Trust Your Taste 010

Moses Reaper + Curiosity with Context

Cheese ~ Storytelling ~ Authenticity ~ Creativity

Happy Sunday! Here’s something tasty, something true, and some musings on food in storytelling to ponder over your favorite Sunday Treat.

Something Tasty: A cheese pairing to try

Moses Reaper

Cheese people love a good pun, and this cheese is no exception.

If you’re looking for a spooky seasonal bloomy (brie-style) cheese but you’re not super jazzed about cheese that has pumpkin creme in the middle (NO SHADE BUT SOME LIKE IT SOME DON’T)- may I introduce you to Moses Reaper.

Inspired by traditional French Brie, Moses Sleeper (it’s non-spooky counterpart from Jasper Hill Farms) is classically buttery with notes of mushrooms, toasted nuts, and cruciferous vegetables.

A sprinkling of vegetable ash is what gives Moses Reaper it’s granite-like black rind contrasting the bright orange paste on the inside.

What’s not scary about this cheese? The ingredient list.

Even though the color is intense and bright- there is no artificial coloring. The cheese gets it’s color from annatto, a dye derived from the seeds of the achiote tree.

Something True: A truth about myself

Curiosity with Context

A casual night in connecting with the roommates over spooky cheese and Over the Garden Wall… can you find the Moses Reaper wedge?

Here’s the truth.

One of the (unspoken- till now) pillars of the Trust Your Taste Workshop is:

Curiosity with Context

This means that in the workshop- instead of labeling smells, tastes, thoughts, or memories as “bad” or “good” and stopping there, everyone is invited to get curious and ask more questions.

It also means that we look at that labeling within the context of our own lives, as well as the cultural context of the cheese we’re trying (where it’s from, what animal milk, really anything important that is known about the cheese).

I’ve found it’s the best way to explore my senses while deepening understanding of my own experience AND the traditions/ cultural footprint of what I’m tasting.

Food is so deeply rooted in culture and tradition. With our current global marketplace, often our first experience with a different culture will be through their cuisine.

It’s a big part of how we relate to one another. Food is connection.

In the fall, there is a certain energy that invigorates me, but it can also get me into hibernation mode where it’s just easier to be cozy at home and not talk to people, go places, or do anything.

Alone time is veryyy necessary for me to recharge, and sometimes it feels impossible to fully recharge- so I get caught up in my own thoughts and end up using my alone time as an excuse to disconnect when the world feels like too much.

I become less curious, so I lose that connection to others. Without that connection to others, I lose context for what’s really going on with me and the world around me.

So as the days get colder, if you’re having a hard time or feeling disconnected:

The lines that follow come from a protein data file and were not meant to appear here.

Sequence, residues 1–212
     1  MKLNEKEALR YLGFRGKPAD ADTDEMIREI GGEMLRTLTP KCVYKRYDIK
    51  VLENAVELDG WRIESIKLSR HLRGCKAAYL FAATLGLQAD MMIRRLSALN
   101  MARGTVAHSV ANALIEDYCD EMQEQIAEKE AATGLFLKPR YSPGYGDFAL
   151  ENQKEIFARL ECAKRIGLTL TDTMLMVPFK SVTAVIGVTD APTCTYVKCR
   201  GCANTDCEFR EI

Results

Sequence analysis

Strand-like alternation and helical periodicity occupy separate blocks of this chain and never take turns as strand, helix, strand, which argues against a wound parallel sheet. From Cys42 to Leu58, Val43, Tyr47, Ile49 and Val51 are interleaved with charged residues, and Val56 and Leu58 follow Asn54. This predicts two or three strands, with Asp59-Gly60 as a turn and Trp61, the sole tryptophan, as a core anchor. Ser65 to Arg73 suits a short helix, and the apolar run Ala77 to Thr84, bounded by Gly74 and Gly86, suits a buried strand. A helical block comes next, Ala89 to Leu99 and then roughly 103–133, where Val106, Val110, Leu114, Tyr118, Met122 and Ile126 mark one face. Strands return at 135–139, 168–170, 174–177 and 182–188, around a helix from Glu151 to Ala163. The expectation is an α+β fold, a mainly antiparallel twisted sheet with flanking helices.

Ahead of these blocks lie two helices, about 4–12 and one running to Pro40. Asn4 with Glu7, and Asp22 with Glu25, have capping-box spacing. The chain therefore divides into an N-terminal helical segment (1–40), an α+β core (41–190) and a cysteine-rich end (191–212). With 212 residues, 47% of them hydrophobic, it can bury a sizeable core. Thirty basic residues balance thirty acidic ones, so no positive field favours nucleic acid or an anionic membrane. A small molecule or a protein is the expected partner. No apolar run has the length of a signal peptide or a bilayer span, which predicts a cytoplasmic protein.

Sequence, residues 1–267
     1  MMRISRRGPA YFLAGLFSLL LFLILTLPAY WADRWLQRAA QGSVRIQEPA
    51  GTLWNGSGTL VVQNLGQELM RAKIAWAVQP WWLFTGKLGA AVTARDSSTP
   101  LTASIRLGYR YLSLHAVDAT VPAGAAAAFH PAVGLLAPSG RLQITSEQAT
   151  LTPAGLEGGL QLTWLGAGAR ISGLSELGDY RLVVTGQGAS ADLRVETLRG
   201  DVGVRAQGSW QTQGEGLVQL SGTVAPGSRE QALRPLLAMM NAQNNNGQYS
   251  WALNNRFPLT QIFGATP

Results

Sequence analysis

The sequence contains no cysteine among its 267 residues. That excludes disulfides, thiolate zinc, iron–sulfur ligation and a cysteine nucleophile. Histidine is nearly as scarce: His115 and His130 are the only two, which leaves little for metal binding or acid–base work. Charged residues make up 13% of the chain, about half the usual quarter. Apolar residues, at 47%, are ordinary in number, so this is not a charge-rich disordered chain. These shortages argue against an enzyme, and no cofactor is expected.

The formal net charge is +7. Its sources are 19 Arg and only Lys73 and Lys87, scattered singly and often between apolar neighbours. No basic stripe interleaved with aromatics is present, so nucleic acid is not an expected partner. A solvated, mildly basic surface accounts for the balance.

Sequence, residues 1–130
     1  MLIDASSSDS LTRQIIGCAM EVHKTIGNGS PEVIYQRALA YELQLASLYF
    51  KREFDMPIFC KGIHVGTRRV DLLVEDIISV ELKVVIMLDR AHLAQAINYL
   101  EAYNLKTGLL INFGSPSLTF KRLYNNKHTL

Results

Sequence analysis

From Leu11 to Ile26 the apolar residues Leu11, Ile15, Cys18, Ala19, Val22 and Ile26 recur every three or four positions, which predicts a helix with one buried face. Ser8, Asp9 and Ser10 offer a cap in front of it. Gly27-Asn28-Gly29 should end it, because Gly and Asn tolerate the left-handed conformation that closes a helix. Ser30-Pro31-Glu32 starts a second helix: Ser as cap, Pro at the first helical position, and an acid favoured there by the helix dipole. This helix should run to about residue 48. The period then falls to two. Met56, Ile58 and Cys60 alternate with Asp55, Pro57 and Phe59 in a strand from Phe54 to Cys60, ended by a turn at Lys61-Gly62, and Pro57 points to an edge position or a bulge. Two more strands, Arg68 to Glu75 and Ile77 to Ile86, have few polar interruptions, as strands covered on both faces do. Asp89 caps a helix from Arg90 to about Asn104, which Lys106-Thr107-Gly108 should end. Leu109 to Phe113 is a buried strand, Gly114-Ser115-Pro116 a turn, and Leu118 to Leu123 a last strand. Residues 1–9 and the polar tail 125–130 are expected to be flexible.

(Maybe your seasonal depression is setting in, maybe the news is really taking it’s toll on you, maybe your social media doomscrolling has gotten out of hand, maybe it’s your busy season and the holidays are still months away but you are already working 24/7 and burning out- I’m looking at you food + event people)

May I suggest to bake or cook something and share it with someone? Or don’t make anything and meet someone for coffee and a warm seasonal baked good someone else made. Or go out to eat and share a meal with someone you love.

I promise you it will help.

And if you aren’t having a particularly difficult time at the moment, that’s amazing and my suggestion still stands. You never know who might need the invitation, and it’s always a good idea to get curious about our nearest and dearest. Maybe over some Moses Reaper :)

Farm to Fable: How food shows up in storytelling 

Pies in Sweeney Todd

If you’re a fan of dark comedies, musicals, or Tim Burton movies, you might be familiar with Sondheim’s musical thriller “Sweeney Todd: The Demon Barber of Fleet Street”.

Last week I talked about things you aren’t “supposed” to eat in spooky storytelling.

Nothing probably illustrates this point better than Mrs. Lovett baking people into pies.

Mrs. Lovett, originally played by Angela Lansbury, is a role of a lifetime for quick comedy queens. If you’re close enough to Broadway, you can catch Annaleigh Ashford in the role now!

In “Worst Pies in London” she sings about her pies being absolutely revolting, probably because the meat is all raggedy creatures from the streets of London.

In “A Little Priest” she conspires with Sweeney Todd about the different types of occupations they could put into pies. SPOOKY! GROSS! FUNNY!

I saw a version downtown at Barrow Street Theatre where they actually served pie during intermission. People were resistant to eat them, which makes sense.

It gives “dinner theatre” a new meaning.

Until next time,


P.S. - Sunday Scaries

A terrifying AI image to help us all rest knowing AI bots could never replace a real human artist:

For whatever reason the AI bot was down and did not want to indulge “Sweeney Todd and the grim reaper sitting at a table eating pies.” So I will try again next week.

Tech problems! Scary!